The idea behind flanger and chorus audio effects consist in mixing original (dry) signal and one or several delayed (wet) signals and manipulating the delay time.
Original (dry) signal, delayed (wet) signal, resulting output signal.
Both effects allow to make the sound wider and more dynamic, move it to the sides and help listeners to hear better different instruments.
Flanger is a time based effect produced by mixing two identical audio signals when one signal is delayed by a small period of time, usually less than 1 milliseconds to 5 milliseconds, not more than 20 ms. This period of delay is gradually changing using low frequency oscillator (LFO), very often differently for left and right speaker. It produces the effect of district comb filter in motion with even notches across the stereo frequency spectrum. Peaks and troughs of the output signal are in a harmonic series.
This strict mode differs flanger from phaser, which creates deeper and not even frequency notches.
LFO controls define how much (LFO width/range) and how fast (LFO speed/rate) the delay modulation occurs.
Feedback control is usually used when flanging and portion of output signal is sent back to the flanger input for re-processing.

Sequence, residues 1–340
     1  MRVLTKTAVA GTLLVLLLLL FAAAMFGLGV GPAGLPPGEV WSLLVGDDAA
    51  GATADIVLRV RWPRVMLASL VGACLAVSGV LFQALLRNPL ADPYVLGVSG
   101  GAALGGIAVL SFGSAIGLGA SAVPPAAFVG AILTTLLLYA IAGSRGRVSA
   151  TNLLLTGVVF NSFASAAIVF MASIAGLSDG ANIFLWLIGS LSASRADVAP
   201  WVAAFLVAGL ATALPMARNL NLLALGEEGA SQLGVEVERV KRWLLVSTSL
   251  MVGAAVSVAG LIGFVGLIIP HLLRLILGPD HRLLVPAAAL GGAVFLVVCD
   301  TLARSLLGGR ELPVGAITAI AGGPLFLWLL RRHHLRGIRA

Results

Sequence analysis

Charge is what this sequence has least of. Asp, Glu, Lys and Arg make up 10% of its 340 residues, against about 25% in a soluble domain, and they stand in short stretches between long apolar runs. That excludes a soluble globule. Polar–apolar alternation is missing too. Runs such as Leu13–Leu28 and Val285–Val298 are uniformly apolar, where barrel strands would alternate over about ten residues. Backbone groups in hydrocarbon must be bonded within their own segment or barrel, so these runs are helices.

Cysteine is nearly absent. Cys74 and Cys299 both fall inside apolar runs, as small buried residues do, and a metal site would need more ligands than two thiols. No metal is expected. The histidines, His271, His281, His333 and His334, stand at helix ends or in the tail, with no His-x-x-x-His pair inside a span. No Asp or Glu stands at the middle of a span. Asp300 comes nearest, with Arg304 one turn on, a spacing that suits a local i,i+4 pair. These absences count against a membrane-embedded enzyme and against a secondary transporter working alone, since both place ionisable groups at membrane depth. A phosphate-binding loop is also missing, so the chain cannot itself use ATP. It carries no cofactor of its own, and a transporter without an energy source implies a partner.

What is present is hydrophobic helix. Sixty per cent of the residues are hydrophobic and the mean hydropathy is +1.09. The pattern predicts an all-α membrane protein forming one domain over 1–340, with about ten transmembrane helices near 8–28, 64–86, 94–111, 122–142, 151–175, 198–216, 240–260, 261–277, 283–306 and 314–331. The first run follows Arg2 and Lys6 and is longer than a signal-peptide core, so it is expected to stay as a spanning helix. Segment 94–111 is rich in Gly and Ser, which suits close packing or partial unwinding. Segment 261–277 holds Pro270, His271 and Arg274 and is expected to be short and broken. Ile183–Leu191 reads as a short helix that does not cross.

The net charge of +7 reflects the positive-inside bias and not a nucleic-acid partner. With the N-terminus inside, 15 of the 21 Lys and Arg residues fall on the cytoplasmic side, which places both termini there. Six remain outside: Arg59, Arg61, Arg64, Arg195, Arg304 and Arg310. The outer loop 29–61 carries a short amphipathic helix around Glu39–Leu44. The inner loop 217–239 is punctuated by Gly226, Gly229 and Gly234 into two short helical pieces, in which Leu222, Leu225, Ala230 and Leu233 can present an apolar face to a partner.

Originally the effect was created using two tape machines that play identical audio signal with one delay on one tape that was produced by putting a finger on a flange of that tape to slow this playback down.
The name of the chorus effect comes from choir, where several similar voices with slightly different timbre and tone occurs together.
Chorus effect is produced by mixing several pitch-modulated copies of the same signal with small delays. Pitch is typically modulated by low-frequency oscillation (LFO) and usually differently in left and right speaker.
Comparing to flanging, chorus effect is created using longer delays, from 5 ms to 25 ms and longer. Controls are pretty much the same, but feedback is not used.